Darius Marder makes hearing audiences the minority with Sound of Metal

January 8, 2021

Sound of Metal, the debut feature film from writer/director Darius Marder, is a sensory experience. It follows Ruben (Riz Ahmed), a drummer in a punk-metal duo with his long-term girlfriend Lou (Olivia Cooke). When he abruptly loses the majority of his hearing, Ruben has to reckon with what the sudden deafness means for his relationship, his future, and his identity as a musician. The film utilizes complex sound design (the sound mixing alone was a 20-week process) to represent Ruben’s hearing loss, progressing from Lou’s screeching vocals to muffled silence to the staticky din of the world filtered through cochlear implants.

This isn’t just about wowing the hearing audience with the film’s technology, but immersing them into the terror and disorientation of Ruben’s sudden impairment. “The film is very much about asking us, societally, what is it like for us as hearing people to merge into a culture where we are suddenly the minority,” Marder says to the Voice.

Sound of Metal is at once accessible and inaccessible. It is open captioned, meaning subtitles are burned into the actual film, yet several scenes contain muffled voices or ASL without captions. Ruben, and a hearing audience who are placed in Ruben’s POH (or point of hearing, a phrase Marder uses), are “learning to be deaf.” More than just accepting his condition, Ruben is discovering what it is like to live in an ableist world and building community with others similar to himself. 

The issues of accessibility Ruben faces on-screen parallel issues of accessibility in movie theaters across the country. Opening captioning for mainstream (non-foreign language) films by studios is rare, even when these films contain deaf representation, Marder points out. “Think about a film like A Quiet Place, which pats itself on the back for having a real deaf person in it, and doesn’t caption the movie. Think about what that means.” In addition, many movie theaters don’t have the technological or monetary means to provide closed caption screenings of films, making these spaces inaccessible for d/Deaf and HOH (hard-of-hearing) audiences. 

Marder adds that A Quiet Place, as a recent example of mainstream deaf representation, fails the community it purports to represent by primarily making itself available for hearing audiences: only the ASL was open captioned. “You’re going to put a deaf person in your movie, and then not allow deaf people to come and watch that same movie?” With Sound of Metal, he sought to make representations of Deaf culture available to a hearing audience, while centering d/Deaf and HOH audiences by prioritizing open captions.  

Much like Sound of Metal’s protagonist, however, Marder approached Deaf culture as an outsider. “This is a movie from the perspective of a hearing person. In other words, this isn’t a movie about Deaf culture. It would be preposterous for me to make a movie about Deaf culture because I’m not of that culture,” he says.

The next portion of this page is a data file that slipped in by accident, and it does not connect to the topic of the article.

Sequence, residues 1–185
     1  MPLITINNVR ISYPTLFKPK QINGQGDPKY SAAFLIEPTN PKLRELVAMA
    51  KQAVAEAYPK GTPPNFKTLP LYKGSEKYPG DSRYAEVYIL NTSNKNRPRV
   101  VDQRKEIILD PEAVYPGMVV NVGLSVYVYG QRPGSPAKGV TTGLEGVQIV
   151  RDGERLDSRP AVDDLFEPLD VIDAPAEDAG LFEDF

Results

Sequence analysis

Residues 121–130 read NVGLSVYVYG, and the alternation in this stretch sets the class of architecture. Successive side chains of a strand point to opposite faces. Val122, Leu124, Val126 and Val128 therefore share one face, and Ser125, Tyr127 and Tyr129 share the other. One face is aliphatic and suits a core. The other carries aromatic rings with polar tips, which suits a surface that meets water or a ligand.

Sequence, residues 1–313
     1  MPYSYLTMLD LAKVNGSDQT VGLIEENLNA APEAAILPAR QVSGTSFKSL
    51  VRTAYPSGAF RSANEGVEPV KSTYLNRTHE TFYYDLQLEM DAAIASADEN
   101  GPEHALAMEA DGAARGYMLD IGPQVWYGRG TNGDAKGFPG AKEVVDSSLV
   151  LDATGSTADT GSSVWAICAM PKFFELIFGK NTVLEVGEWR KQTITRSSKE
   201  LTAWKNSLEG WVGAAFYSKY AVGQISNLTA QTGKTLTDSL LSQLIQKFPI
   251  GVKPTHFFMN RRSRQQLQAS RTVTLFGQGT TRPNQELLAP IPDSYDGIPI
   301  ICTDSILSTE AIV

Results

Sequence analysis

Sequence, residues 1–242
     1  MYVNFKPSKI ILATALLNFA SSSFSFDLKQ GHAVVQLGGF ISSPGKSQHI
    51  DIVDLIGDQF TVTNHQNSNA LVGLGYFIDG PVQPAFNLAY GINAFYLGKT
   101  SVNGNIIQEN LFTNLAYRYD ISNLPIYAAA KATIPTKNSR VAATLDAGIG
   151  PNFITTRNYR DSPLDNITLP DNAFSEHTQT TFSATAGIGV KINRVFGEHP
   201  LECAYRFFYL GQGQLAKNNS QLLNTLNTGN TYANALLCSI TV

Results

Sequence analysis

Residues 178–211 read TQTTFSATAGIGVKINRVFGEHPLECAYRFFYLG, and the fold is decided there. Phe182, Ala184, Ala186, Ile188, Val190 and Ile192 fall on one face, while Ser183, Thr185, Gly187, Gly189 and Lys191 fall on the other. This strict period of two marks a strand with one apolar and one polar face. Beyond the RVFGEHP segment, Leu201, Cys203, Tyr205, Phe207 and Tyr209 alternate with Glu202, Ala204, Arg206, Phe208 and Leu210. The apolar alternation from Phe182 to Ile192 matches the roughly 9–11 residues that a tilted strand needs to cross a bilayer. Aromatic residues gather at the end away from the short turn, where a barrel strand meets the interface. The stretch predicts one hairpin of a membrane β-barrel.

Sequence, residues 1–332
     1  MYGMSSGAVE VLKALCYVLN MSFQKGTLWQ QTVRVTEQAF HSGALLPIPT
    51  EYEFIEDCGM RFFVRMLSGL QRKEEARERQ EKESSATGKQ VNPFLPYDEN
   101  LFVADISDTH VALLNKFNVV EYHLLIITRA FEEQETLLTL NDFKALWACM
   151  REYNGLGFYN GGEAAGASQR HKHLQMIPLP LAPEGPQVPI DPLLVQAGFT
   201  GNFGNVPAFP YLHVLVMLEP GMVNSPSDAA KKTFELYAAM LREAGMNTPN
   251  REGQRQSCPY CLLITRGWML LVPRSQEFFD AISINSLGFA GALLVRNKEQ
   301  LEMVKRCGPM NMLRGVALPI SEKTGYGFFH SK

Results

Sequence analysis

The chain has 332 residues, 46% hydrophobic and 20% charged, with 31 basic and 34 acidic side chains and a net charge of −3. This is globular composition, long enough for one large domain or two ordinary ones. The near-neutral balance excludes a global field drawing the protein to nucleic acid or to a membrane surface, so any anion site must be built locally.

Instead, Marder sought to have Deaf culture represent itself. Every d/Deaf character in the film—with the exception of Ruben—was played by an actor who is a part of the Deaf community, including Paul Raci, a CODA (Child of Deaf Adults), and one of Sound of Metal’s standout performances. Raci plays Joe, who is a Vietnam veteran that lost his hearing in a bomb explosion and a counselor for recovering addicts. Ruben meets him while staying at a secluded Deaf community, where he learns to communicate through ASL while preventing a relapse of his heroin addiction. Along with the ensemble of other d/Deaf actors who play members of this community, Raci brings an indispensable authenticity of experience to the film.

Marder, as a hearing person, acknowledges that he is not the first person to raise concerns about representation and accessibility within the film industry: “It’s also important to say that I am not at the forefront of this movement. I [advocate for open captioning] with great humility because there are people working on open captions and have been for years.” But he hopes Sound of Metal can bring some of the conversations from within the Deaf community to a broader stage—and to the attention of able-bodied viewers who may usually overlook these issues. 

For that reason, Marder had hoped for a theatrical release that current circumstances have made impossible. “As an online experience, you cannot have that sense of cross-cultural experience in the same way,” he says. “I’ve been in the theaters with large deaf audiences and hearing audiences. You can hear and feel two different cultural perspectives happening at the same time.” 

These spaces that bring us together for dialogue and reflection, like theaters, have been one of the most difficult casualties of the COVID-19 pandemic. Yet, through its experiential sound design and overwhelmingly empathic portrayal of addiction and disability, Sound of Metal serves as a reminder of how art can pluck each of us from our bubbles of isolation and connect us to the world again.

Sound of Metal is available now to stream on Amazon Prime.

Abby Webster
Abby enjoys sharing her opinions on film and talking about her days-long K-pop playlist. She was previously a Leisure Editor and a Contributing Editor.

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